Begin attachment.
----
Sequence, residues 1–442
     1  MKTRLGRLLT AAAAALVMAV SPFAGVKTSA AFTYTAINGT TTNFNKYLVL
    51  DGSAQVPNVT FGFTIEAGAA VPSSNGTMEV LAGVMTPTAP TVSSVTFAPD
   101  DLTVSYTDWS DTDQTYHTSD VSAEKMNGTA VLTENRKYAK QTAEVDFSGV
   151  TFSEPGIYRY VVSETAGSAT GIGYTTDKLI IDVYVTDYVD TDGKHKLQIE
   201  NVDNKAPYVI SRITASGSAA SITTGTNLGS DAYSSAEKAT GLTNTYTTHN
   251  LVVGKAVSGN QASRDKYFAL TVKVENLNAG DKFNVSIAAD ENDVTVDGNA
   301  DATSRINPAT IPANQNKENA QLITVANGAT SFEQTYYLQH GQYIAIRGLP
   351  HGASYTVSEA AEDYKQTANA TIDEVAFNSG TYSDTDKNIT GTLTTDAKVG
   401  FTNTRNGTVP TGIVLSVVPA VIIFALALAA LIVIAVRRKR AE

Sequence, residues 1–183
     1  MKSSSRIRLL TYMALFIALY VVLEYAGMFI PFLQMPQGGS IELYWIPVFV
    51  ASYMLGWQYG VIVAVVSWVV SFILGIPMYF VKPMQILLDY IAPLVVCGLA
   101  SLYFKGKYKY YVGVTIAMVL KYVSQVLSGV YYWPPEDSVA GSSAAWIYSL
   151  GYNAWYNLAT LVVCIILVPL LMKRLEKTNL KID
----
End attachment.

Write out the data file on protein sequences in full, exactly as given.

Sequence, residues 1–442
     1  MKTRLGRLLT AAAAALVMAV SPFAGVKTSA AFTYTAINGT TTNFNKYLVL
    51  DGSAQVPNVT FGFTIEAGAA VPSSNGTMEV LAGVMTPTAP TVSSVTFAPD
   101  DLTVSYTDWS DTDQTYHTSD VSAEKMNGTA VLTENRKYAK QTAEVDFSGV
   151  TFSEPGIYRY VVSETAGSAT GIGYTTDKLI IDVYVTDYVD TDGKHKLQIE
   201  NVDNKAPYVI SRITASGSAA SITTGTNLGS DAYSSAEKAT GLTNTYTTHN
   251  LVVGKAVSGN QASRDKYFAL TVKVENLNAG DKFNVSIAAD ENDVTVDGNA
   301  DATSRINPAT IPANQNKENA QLITVANGAT SFEQTYYLQH GQYIAIRGLP
   351  HGASYTVSEA AEDYKQTANA TIDEVAFNSG TYSDTDKNIT GTLTTDAKVG
   401  FTNTRNGTVP TGIVLSVVPA VIIFALALAA LIVIAVRRKR AE

Sequence, residues 1–183
     1  MKSSSRIRLL TYMALFIALY VVLEYAGMFI PFLQMPQGGS IELYWIPVFV
    51  ASYMLGWQYG VIVAVVSWVV SFILGIPMYF VKPMQILLDY IAPLVVCGLA
   101  SLYFKGKYKY YVGVTIAMVL KYVSQVLSGV YYWPPEDSVA GSSAAWIYSL
   151  GYNAWYNLAT LVVCIILVPL LMKRLEKTNL KID